Deploying to Production

In this section we’ll discuss the procedure of packaging and readying a Shell for deployment in a production environment. This diagram, that we’ve visited before, illustrates the development flow for Shells:

Context Object

We’ll be concentrating on the last two phases in the above diagram - creating a distributable package and deploying it to the production server.

Creating a distributable package

To create a distributable package which can be imported to CloudShell, run the following from Command Line, make sure you are in the root directory of the Shell project:

shellfoundry pack

This will create two artifacts in the ‘dist’ sub-folder of the Shell project:

  1. A zip file archive called <shellname>.zip - This is the Shell distributable package

  2. A folder named offline_requirements - The Python packages required by the Shell. This folder should be used with any offline execution servers, i.e. execution servers where pip will not be able to reach the internet to download the packages specified in requirements.txt

Adding custom attributes to the Shell

In this section, we will explain how to add an existing attribute to a specific shell. You can do this using CloudShell Portal and the API.

CloudShell distinguishes between two types of attributes:

  • Attributes related to your CloudShell deployment, like Execution Server Selector

  • Attributes related to the device or shell, like Firmware Version or Port Speed

In this section, we will explain how to add deployment-related attributes (attributes that already exist in CloudShell). When upgrading the Shell, these custom attributes and their association with the Shell will not be overwritten. For details about adding shell or device-specific attributes, see Customizing a shell’s attributes.

Note that deployment-related attributes are added to the shell by the CloudShell system administrator while attributes related to a device are added to the shell by the shell’s developer.

Using CloudShell Portal

  1. Click the Shell’s menu button and select Details/Edit. The Details/Edit Resource dialog box is displayed.

  2. Click the Add Custom Attribute link at the bottom. A New Attribute is added to the list of attributes.

  3. Select the Attribute Name.

  4. Select the Model Name that will contain the attribute.

  5. Optionally specify a Default Value.

  6. (For Lookup attributes) Use the Restricted Values field to optionally determine the attribute’s possible values in this resource.

Using API

Using the API, you can add attributes to your Shell and customize their defaults for this Shell. This is done using the SetCustomShellAttribute API method, available in the TestShell XML RPC and CloudShell Automation API.

The required inputs are:

  • modelName = The Shell’s model [the Shell name; case-sensitive]

  • attributeName = The attribute’s name [case-sensitive]

  • defaultValue = The default value

  • restrictedValues = [optional] Comma-separated list of possible values

In this example, we are adding an Execution Server Selector attribute named “Domain_ESS” to a Shell named “ExampleShell” with “Test NY” as the default value:

Context Object

Enabling Shell commands to run in offline mode

Before deploying to the production environment, it’s important to make sure that Quali Server and the Execution Servers can access the Python packages and files required to run the Shell commands. If these machines have an internet connection, CloudShell will automatically download the required dependencies from the public PyPi repository. However, if your CloudShell deployment is configured to run offline or your automation needs to use dependencies that are not in the public PyPi repository, you will have to manually add these dependencies to the local PyPi repository on the Quali Server machine. To do so, if you have access to the local PyPi repository, simply copy the contents of the offline_requirements folder to your local PyPi Server repository. If you don’t have access to the repository, you can remotely load the packages using command-line, as explained in this CloudShell Help article.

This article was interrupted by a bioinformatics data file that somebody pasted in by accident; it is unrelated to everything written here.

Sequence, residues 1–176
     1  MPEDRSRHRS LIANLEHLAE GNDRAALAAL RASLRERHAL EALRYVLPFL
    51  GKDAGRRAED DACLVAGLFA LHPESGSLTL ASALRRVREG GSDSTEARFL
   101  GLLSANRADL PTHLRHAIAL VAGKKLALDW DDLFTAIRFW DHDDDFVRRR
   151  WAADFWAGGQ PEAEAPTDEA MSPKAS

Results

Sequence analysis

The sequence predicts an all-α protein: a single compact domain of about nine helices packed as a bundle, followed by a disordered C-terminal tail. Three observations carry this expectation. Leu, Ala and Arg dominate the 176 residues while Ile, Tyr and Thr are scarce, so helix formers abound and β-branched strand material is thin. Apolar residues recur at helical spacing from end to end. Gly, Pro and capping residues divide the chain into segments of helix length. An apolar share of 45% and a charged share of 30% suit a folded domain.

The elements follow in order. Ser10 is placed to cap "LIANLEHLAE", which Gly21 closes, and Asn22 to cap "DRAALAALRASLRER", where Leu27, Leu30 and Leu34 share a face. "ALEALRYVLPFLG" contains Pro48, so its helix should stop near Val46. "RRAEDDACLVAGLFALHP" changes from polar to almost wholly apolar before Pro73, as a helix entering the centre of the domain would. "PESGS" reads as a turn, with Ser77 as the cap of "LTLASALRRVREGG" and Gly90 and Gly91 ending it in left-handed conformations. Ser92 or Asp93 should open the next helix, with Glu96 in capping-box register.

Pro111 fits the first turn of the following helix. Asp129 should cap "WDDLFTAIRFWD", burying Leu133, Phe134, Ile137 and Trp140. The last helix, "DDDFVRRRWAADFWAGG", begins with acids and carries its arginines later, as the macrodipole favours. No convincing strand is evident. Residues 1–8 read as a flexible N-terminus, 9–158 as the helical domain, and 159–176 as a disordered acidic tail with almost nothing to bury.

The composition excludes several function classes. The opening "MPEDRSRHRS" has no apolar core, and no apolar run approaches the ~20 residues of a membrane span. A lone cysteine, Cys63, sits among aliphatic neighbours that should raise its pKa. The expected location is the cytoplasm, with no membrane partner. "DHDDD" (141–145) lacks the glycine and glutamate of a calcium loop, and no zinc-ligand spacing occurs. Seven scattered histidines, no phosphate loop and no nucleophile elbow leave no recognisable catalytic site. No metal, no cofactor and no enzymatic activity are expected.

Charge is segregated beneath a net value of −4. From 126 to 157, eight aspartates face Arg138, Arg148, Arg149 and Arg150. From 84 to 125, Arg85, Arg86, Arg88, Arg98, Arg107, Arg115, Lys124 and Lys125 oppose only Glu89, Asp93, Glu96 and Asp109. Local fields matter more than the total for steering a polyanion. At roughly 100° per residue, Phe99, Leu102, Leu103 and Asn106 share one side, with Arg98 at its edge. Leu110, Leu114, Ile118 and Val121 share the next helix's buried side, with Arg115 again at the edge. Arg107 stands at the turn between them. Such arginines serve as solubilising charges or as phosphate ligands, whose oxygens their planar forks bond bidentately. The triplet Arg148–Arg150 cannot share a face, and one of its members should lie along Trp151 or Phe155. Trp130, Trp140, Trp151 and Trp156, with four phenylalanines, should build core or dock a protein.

Deploying to the production CloudShell Server

Note: A shell update is not reversible(in other words, you cannot downgrade to an earlier shell version). Therefore, update the template version in the shell's shell-definition.yaml ONLY when something in the data model changes (new attributes added to shell-definition.yaml). Any changes in just the driver or underlying packages you can keep the template version number the same and then freely "roll back" to a previous version if the shell presents unexpected behavior.

To deploy the Shell to the production CloudShell server:

  1. Log in as an administrator.

  2. Import the shell into CloudShell. You can use the shellfoundry install command-line, or import the package manually.

    • To manually import a 2nd Gen shell, in the Manage dashboard, open the Shells page and click Import.

    • For 1st Gen shells, open the Admin menu located at the top of the page, and select Import Package.

  1. Select the Shell zip file created earlier and click Open.

         Simple String Result

    Your Shell should now be ready for use in the production environment.

Share status

Each of the shell’s resource levels is defined in the shell standard as a resource family and has a share status. The share status determines whether a specific resource or sub-resource of a particular family can be used in different sandboxes at the same time. A family’s share status is determined by the Locked By Default rule, which when set to True defines the family as unshared. More about family properties can be found in this CloudShell Help article. To find out the share status of a specific family in your shell, have a look at the shell’s standard. For example, the Shell Resource Standard’s Data Model Structure section indicates its families’ settings.